The Wahkiakum County Eagle - Established as The Skamokawa Eagle in 1891

Radio group forms last line of communication in disasters

 

Rick Nelson

Amateur radio operators Dave Basham, left, and Bud Condrey demonstrated Tuesday the communications capability of equipment they have set up in the county's emergency services center.

In times of severe emergency or disaster, a group of volunteer radio operators may be Wahkiakum County's last line of communication with the outside world.

It has happened before. Several days of heavy rain in1996 caused slides that blocked roads and wiped out traditional telephone and radio communication. County emergency services personnel were able to communicate only with cell phones for two or three days.

In 2006, slides from another series of storms wiped out roads, radio communication and the fiber optic lines that updated cell phones used. For another couple of days, only ham (amateur) radio operators were able to communicate with the outside world.

With that in mind, county Emergency Services Director Beau Renfro has been working with the amateur operators to establish an auxiliary communication service for emergencies or disasters. They have slowly set up a radio center in the county's emergency management center in the River Street Building.

Four of the operators and Renfro gathered Tuesday at the center for a demonstration of the system's capabilities.

Operator Bud Condrey led the demonstration. He showed the equipment, which is stored in a cabinet in the back of the meeting room. He explained how different frequencies and bands work, using different repeaters to reach different areas. One frequency connected directly with another amateur operator in the Cowlitz County Communications Center and later another in Clark County. Another link took them to the state emergency management center.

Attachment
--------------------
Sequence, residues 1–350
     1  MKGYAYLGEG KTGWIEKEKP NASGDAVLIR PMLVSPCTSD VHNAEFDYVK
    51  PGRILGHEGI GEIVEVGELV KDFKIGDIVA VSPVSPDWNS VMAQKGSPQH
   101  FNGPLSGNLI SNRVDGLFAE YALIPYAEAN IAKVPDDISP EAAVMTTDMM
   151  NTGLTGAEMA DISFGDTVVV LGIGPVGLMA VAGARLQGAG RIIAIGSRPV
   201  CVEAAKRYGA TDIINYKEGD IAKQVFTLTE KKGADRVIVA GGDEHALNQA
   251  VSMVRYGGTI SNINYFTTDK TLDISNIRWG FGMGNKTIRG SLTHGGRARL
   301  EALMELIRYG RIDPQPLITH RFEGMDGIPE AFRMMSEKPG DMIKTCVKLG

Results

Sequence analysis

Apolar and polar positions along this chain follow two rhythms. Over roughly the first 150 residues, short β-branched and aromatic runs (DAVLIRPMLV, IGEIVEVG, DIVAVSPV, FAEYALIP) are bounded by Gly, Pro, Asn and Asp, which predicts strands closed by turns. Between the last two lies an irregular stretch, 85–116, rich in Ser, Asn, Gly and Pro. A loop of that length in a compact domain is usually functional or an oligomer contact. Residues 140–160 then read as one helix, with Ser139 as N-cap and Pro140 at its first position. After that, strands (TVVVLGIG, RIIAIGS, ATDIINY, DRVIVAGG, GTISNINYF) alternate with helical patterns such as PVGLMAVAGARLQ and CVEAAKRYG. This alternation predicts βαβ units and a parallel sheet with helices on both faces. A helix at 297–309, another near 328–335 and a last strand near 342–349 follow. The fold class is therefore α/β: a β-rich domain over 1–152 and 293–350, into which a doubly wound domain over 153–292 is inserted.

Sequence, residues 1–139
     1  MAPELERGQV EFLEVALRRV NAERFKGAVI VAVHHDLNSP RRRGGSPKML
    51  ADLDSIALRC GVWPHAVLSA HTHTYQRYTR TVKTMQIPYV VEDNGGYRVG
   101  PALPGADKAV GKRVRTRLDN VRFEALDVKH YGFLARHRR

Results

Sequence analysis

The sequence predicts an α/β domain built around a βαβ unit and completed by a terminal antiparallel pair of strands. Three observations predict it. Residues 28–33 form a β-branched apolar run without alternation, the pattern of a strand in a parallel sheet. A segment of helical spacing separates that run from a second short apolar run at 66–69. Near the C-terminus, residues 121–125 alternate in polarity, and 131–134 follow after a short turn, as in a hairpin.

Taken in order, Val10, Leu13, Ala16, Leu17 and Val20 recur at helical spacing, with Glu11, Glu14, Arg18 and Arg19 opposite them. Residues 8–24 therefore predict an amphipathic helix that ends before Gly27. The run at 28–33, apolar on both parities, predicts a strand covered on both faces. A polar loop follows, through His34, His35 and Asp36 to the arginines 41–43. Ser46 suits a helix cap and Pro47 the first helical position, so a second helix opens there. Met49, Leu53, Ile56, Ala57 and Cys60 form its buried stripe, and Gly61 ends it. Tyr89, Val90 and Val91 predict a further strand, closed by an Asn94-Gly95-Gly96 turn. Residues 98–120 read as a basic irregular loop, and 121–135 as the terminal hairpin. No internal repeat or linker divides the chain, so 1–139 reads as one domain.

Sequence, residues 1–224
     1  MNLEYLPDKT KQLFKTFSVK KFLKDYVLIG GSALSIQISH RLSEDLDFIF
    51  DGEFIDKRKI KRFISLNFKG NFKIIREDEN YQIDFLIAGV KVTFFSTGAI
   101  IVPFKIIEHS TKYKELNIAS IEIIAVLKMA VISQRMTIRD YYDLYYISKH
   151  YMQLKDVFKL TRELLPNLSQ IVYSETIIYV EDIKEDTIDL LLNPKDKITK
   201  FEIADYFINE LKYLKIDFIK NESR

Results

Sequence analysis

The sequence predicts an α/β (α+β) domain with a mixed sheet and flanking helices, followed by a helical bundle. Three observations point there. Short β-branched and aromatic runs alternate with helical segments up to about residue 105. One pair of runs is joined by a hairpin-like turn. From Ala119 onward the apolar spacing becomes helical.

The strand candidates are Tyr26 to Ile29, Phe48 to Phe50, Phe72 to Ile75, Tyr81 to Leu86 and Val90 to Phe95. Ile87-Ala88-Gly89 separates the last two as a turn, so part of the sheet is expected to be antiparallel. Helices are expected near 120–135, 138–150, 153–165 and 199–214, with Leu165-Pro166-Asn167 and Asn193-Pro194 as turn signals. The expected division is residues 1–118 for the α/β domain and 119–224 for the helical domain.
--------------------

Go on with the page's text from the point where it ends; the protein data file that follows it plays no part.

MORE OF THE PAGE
"These guys have put in countless hours getting the equipment set up and testing it," Renfro said. He added that the county purchases some equipment for the group, but members have donated much of it themselves.

One donation from the group is a batch of inexpensive mutual use radios which don't require licenses. They are much stronger than walkie-talkies and can be issued to officers or volunteers.

Condrey also demonstrated the use of high speed packets to send email. The message goes to another radio connected to the internet, and the receiving radio can forward the message. This is a preferred communication method for state emergency services, Renfro said.

"We've purchased equipment so that we can send packets from here or Johnson Park (in Rosburg)," Renfro said.

Working with Condrey on the demonstration on Tuesday were Dale Costich, Jerry Hogan and Dave Basham. Some other members include Ron Kimmel, Gordon Spalding, Dan Spalding and Pete Fleury.

Condrey and Renfro said the group is always looking for new members, and they would welcome youth interested in learning radio.

The group is known as Wahkiakum County Radio Amateur Civil Emergency Service (RACES); Renfro has set up a page for it on the county's website. For information about the group, contact Renfro at 360-795-3242 or 465-2202.

 

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